Director’s Message

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Dear Readers,

Ken RutherfordAs the director of the Center for International Stabilization and Recovery (CISR) at James Madison University and a landmine survivor, I educate others about the dangers of landmines and explosive remnants of war (ERW). I urge survivors to embrace life by becoming aware of their rights and taking control of their recovery and future. Students and staff at CISR are aware that they should never travel without knowing three things: (1) their blood type, (2) how to use a tourniquet and (3) to keep their mobile phone or two-way radio with them at all times, especially when traveling in known mine/ERW contaminated areas. These three things saved my life 20 years ago, when I was injured by a mine in Somalia.

In September, I traveled to Zambia for the Fourth Meeting of the States Parties to the Convention on Cluster Munitions (CCM), where I met people involved in survivor assistance activities from around the globe. I presented on victim assistance and information management along with the Geneva International Centre for Humanitarian Demining, Landmine and Cluster Munitions Monitor, and the Vietnam Veterans of America Foundation. The Convention on the Prohibition of the Use, Stockpiling, Production and Transfer of Anti-personnel Mines and on Their Destruction was the first convention to include victim assistance in its provisions. The CCM continues to include this component.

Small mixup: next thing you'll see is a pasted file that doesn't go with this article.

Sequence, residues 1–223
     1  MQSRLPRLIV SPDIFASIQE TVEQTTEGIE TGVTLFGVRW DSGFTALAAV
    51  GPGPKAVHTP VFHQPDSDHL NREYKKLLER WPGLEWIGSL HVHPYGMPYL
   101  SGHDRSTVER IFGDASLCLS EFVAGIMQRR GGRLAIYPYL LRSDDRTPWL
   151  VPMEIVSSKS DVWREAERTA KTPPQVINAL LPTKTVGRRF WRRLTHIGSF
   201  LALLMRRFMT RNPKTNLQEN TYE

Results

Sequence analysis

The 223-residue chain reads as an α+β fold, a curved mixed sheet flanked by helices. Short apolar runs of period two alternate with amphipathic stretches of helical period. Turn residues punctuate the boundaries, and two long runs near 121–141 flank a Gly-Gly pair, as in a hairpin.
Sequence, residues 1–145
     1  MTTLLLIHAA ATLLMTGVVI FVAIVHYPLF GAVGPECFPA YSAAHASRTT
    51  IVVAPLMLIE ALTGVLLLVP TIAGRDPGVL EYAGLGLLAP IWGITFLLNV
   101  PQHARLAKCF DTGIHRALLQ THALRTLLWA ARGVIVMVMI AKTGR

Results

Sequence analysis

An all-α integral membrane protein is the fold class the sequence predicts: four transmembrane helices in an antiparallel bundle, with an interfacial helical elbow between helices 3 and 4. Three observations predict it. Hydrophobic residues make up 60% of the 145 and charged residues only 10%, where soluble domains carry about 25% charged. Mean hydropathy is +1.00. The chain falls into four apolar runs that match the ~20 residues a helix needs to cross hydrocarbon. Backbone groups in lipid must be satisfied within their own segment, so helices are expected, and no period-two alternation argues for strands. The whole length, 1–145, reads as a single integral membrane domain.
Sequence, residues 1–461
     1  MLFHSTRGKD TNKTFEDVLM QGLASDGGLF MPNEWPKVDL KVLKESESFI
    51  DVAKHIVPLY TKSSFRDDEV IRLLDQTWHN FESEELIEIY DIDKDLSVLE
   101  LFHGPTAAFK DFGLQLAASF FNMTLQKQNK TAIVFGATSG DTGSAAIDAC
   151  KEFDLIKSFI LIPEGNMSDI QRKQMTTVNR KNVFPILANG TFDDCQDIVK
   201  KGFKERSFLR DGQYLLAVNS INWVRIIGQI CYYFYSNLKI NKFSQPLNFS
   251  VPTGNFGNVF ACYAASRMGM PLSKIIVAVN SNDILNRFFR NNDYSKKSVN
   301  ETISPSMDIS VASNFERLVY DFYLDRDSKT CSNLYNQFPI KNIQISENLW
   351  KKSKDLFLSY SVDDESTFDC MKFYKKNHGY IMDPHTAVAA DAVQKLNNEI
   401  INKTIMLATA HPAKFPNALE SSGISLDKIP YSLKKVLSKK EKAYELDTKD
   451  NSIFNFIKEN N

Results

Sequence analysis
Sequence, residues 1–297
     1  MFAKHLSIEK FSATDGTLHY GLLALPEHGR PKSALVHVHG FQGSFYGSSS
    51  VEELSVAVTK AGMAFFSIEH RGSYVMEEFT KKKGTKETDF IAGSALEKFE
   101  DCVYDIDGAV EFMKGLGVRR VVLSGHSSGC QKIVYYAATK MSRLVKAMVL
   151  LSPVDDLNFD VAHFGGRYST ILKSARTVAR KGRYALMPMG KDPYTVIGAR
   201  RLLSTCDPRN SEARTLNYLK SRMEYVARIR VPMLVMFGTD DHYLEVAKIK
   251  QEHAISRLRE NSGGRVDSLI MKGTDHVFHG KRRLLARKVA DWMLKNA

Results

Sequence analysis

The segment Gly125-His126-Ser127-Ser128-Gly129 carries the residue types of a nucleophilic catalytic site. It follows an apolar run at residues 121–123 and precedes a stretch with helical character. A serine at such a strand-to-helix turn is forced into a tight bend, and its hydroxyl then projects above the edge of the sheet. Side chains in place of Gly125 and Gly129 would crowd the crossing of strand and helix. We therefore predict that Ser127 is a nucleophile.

The Focus section of this issue offers a selection of articles about disability rights, gender and the power of peers in survivor assistance. Megan Burke and Loren Persi, two of the world’s leading mine and cluster munitions victim assistance researchers, highlight several organizations that are empowering survivors. Ayda Eke looks at how the needs of landmine/ERW child survivors differ from adult survivors.

The Feature section examines the changing landmine/ERW situation in the Middle East and its effect on the population. In particular, Nataša Uršič and Goran Gačnik describe the rehabilitation program initiated by ITF Enhancing Human Security for injured children and young adults in the Gaza Strip.

In the Special Report section on Syria, Elizabeth MacNairn, Molly Feltner and Tom Shelton discuss Handicap International’s operations in northern Syria. Mike Geddes of streetfootballworld USA introduces Spirit of Soccer’s innovative mine risk education program serving Syrian children in the Zaatari refugee camp in northern Jordan.

In recent years, maintaining the necessary resources for mine action has become a global challenge as land is released, donor funding diminishes and international attention turns away. In response, our next issue will focus on these issues. As always, we look forward to learning from your experiences, challenges and triumphs.

Ken Rutherford